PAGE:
REPORT: Weston Air Festival 2016

For those fortunate enough to attend Weston on the Saturday, they were able to catch a glimpse at what was scheduled to be a promising line-up. Although many of the headlining acts were still able to attend, the burdensome British weather played havoc with the flying programme. It was the Sunday though that was most heavily affected with numerous cancellations, leaving lengthy gaps in between the displays that did manage to make it.

Currently the fighters are the BBMF’s only operational aircraft. Photo: James Connolly


Despite an unscheduled flypast from an Agusta Westland AW139, Sunday’s flying programme officially commenced with the Battle of Britain Memorial Flight displaying their Supermarine Spitfire Mk LF XVIE and Hawker Hurricane Mk IIc. It’s rather disheartening to hear that the Avro Lancaster will once again be absent during the first half of this year’s season. As a result, the pair’s display was rather tame, especially at a seaside event such as Weston where the display line is rather distant. The occasional topside pass from either aircraft would have been appreciated, especially by the photographers, who on many occasions had to settle for the underside of the aircraft.

Lauren Richardson is one of the UK’s only female aerobatic pilots. Photo: James Connolly

The next display certainly provided a completely different contrast, with Lauren Richardson performing in her powerful Pitts S-1S. Lauren demonstrates the aircraft’s overwhelming capabilities with some precise rolls and knife-edge passes. Lauren has recently began training on other various aircraft including the Yakovlev Yak-50 and Percival Provost, which both unfortunately fell foul of the low cloud on the Sunday. Nevertheless, could we expect a unique flypast consisting of the Pitts and Yak-50, in the future?

Teichman’s new paint scheme commemerates the Tuskegee Airmen. Photo: James Connolly

Despite these cancellations, it was rather pleasing to see Peter Teichman in attendance with his newly-schemed North American P-51 Mustang. This mighty warbird provides a delightfully chilling sound, produced by air passing over the gun ports. Peter managed to brave the appalling weather, which did sadly affect his display, with his routine consisting of mostly straight and level flypasts before turning away from the crowd. My only criticism would be that the display became rather predictable, however it would be unfair to blame Peter for this.

With its CAA exemption, Peter Davies can display his autogyro just 75m from the crowd. Photo: James Connolly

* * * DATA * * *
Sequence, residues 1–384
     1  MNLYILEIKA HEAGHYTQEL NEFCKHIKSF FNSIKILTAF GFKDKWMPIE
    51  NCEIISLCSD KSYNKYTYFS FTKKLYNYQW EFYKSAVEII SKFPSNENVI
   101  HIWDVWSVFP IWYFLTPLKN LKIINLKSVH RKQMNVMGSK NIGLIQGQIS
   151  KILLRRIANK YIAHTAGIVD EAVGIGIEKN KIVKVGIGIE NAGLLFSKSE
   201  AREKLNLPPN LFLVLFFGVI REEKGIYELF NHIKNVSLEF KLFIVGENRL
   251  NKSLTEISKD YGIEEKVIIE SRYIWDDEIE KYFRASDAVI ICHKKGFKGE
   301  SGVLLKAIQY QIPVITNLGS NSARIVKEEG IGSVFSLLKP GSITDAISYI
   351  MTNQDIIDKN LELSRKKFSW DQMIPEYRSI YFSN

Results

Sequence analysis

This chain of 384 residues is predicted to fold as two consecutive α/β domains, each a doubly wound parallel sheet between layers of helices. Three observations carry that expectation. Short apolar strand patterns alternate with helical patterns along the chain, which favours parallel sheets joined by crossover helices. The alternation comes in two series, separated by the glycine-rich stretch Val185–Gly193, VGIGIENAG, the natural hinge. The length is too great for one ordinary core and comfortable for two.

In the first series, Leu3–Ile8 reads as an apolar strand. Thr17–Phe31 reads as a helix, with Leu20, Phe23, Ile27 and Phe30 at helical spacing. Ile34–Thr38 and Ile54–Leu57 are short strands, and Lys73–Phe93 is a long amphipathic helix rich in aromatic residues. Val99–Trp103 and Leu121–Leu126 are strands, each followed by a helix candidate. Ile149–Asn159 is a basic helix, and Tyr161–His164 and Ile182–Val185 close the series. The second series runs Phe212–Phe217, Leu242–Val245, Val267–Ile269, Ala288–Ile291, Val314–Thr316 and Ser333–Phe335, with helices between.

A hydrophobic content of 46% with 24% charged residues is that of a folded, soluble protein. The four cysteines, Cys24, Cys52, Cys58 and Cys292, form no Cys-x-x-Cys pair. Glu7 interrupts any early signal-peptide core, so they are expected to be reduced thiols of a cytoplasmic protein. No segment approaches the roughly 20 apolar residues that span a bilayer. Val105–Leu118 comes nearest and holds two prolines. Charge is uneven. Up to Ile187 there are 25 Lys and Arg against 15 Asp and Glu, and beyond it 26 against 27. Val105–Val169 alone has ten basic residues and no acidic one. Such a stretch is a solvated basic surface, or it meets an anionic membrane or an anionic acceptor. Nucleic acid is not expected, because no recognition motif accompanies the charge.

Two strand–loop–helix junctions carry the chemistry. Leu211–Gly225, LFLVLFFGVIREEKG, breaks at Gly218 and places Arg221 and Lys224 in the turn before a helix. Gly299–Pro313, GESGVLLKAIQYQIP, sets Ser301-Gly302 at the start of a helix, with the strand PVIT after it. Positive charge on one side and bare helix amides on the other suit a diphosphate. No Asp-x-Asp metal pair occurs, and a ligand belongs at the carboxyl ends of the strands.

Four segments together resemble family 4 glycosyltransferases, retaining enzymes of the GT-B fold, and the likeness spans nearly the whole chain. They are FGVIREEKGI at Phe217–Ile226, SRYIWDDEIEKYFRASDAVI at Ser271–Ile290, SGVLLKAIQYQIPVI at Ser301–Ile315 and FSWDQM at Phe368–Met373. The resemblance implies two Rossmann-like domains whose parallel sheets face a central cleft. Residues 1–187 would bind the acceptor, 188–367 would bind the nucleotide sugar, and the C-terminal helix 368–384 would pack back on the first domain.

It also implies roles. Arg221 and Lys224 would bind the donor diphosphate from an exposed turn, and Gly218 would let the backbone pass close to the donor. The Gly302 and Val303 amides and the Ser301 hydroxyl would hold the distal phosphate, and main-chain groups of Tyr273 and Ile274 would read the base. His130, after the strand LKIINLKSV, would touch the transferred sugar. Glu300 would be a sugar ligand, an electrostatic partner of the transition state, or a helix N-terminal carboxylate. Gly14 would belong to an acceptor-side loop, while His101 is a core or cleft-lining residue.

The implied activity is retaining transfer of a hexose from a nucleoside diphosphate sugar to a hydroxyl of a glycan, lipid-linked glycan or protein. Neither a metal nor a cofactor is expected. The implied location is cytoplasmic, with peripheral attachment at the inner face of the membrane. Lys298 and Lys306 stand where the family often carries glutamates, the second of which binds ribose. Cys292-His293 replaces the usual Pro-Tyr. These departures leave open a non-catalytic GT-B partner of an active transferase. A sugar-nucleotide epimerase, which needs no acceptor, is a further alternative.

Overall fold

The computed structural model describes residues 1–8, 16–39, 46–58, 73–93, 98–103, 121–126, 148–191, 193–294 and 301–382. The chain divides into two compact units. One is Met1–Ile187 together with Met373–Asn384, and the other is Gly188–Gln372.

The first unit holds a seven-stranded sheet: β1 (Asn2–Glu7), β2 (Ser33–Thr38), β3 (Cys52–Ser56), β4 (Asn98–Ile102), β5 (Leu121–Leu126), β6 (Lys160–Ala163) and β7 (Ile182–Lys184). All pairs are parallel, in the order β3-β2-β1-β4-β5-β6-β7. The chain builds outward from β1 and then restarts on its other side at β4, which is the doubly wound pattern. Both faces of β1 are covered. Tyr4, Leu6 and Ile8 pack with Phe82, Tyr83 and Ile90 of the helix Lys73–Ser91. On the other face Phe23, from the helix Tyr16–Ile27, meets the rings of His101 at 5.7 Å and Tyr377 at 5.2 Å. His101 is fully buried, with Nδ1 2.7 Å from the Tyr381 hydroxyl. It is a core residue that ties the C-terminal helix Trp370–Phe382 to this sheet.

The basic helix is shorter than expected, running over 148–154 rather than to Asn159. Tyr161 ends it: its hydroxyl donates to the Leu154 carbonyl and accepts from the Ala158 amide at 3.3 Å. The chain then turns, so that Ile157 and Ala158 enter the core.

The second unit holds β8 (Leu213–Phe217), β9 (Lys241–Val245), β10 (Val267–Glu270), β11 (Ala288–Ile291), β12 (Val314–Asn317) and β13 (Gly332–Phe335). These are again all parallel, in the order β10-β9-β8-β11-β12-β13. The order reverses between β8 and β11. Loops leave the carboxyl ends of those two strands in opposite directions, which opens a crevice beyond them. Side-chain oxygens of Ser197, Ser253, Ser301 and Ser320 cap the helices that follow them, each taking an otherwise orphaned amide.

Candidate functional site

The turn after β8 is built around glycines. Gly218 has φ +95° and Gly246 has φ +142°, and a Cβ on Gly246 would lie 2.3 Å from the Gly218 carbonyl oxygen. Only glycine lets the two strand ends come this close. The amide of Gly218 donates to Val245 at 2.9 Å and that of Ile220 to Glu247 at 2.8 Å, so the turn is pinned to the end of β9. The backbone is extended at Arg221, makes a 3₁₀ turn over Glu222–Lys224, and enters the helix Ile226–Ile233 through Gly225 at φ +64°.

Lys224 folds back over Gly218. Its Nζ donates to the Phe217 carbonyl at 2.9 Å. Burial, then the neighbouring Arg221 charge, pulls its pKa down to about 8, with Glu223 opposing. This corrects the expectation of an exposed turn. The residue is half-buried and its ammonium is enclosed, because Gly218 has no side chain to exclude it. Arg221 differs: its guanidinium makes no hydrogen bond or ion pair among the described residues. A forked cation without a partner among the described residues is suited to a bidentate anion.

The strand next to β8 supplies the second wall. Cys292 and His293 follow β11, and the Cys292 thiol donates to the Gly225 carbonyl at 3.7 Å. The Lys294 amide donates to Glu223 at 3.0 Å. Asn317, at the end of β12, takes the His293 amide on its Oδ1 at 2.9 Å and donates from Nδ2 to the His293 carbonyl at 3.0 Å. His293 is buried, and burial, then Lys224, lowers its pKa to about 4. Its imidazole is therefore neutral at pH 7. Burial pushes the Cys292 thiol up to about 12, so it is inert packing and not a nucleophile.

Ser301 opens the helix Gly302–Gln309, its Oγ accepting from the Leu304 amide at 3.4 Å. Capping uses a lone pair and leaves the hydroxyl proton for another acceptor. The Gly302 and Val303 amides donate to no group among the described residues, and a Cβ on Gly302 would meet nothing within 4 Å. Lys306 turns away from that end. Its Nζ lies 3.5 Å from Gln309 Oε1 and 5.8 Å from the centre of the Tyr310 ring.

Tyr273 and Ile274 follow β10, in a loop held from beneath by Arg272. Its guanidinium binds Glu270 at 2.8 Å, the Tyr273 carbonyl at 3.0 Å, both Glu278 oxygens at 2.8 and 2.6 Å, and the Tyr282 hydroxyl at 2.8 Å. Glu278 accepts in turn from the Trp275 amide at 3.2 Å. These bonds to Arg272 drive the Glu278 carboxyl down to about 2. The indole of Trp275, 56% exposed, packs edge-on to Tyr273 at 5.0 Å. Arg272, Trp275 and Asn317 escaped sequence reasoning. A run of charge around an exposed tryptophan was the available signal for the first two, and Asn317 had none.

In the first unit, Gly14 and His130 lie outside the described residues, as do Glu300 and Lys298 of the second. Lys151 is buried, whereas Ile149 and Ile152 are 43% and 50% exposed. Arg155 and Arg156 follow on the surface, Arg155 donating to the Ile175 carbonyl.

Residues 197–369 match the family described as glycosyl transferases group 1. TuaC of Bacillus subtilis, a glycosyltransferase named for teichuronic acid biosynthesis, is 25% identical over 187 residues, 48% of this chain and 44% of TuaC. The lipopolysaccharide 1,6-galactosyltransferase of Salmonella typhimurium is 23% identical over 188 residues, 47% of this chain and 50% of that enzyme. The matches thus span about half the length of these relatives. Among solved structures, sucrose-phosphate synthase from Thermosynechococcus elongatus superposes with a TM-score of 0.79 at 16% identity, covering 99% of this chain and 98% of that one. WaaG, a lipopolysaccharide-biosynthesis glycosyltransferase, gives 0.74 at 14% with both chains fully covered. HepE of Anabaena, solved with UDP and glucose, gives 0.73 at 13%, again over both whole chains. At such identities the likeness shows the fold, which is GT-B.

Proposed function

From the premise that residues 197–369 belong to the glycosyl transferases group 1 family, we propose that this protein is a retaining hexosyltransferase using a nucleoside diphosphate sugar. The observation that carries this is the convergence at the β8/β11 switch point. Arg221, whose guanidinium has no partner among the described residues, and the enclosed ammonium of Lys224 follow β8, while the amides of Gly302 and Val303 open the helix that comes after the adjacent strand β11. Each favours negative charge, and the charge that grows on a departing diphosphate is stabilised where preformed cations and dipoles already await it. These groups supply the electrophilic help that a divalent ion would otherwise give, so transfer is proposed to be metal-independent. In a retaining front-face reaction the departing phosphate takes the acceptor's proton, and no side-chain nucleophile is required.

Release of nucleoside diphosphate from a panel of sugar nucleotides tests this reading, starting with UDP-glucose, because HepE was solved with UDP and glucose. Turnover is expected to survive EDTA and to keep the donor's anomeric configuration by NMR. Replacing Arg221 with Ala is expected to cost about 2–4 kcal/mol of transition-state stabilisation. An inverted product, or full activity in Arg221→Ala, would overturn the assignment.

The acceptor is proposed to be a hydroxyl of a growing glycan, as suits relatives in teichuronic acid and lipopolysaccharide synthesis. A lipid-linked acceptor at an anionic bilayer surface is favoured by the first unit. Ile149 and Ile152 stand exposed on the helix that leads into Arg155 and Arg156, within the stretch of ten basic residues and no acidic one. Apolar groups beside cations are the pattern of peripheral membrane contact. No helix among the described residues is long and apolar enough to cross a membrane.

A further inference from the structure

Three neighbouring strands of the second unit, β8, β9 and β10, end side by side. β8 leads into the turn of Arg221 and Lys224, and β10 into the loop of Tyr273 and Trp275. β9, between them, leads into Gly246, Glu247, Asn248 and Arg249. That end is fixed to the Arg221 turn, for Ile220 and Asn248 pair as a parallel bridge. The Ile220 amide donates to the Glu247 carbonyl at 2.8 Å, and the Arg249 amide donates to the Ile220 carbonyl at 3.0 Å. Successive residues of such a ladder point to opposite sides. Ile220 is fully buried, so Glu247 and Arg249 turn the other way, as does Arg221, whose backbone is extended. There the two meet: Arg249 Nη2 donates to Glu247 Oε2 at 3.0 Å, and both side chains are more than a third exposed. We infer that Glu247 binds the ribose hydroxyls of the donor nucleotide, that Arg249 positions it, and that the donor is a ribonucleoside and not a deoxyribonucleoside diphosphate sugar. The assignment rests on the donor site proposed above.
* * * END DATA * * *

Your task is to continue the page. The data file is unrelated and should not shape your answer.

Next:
Having displayed at Torbay the weekend before, Peter Davies returned to the South-West in his Calidus Autogyro. The use of the Autogyro’s smoke system, and Peter being authorised to fly closer to the crowd, culminated in a very entertaining display. Whilst this didn’t exactly make-up for the cancellations of the Mig-15 and Gnat Display Team, it was good to see Peter raising the morale of the spectators, who’d understandably had their spirits dampened by the rain. One thing I did find rather unusual, was the concerning lack of spectators along the Weston seafront, which makes me question whether this is a consequence of post-Shoreham.

Duxford-based “Miss Pick Up” is the UK’s sole flying Catalina. Photo: James Connolly

Another aircraft that braved the weather was the Consolidated PBY Catalina. However it must be said that the aircraft experienced far more unforgiving weather during the Battle of Midway when the aircraft was used during the infamous ‘Black Cat’ missions. The aircraft’s unique ability to land on water and long-range capabilities, made it ideal for its search and rescue role.  Whilst not originally being scheduled to, Gerald Cooper closed Sunday’s flying programme in his very agile Extreme Air XA41. It’s not surprising that this display is one of the most intense on the UK civilian airshow circuit, with Gerald having won multiple British National Aerobatic Titles.

The XA-41 was designed by Philippe Steinbach and is also called the Sbach 300. Photo: James Connolly

One thing that separates Weston from other UK seaside shows is its ground attractions, including several static helicopters. Unfortunately the Westland Whirlwind was only able to attend on the Saturday; but the Royal Air Force’s Defence Helicopter Flying School were able to provide both a Squirrel HT1 and Griffin HT1, for the Sunday. Overall, you can’t help but feel sympathetic towards the event’s organisers, with Weston promising to be a huge success. It was evident from the number of spectators on the Sunday that the weather forecasts had rather devastating effects.

James Connolly is a student and aviation enthusiast whose future ambitions lie in journalism. He is based in the UK and attends several airshows each year.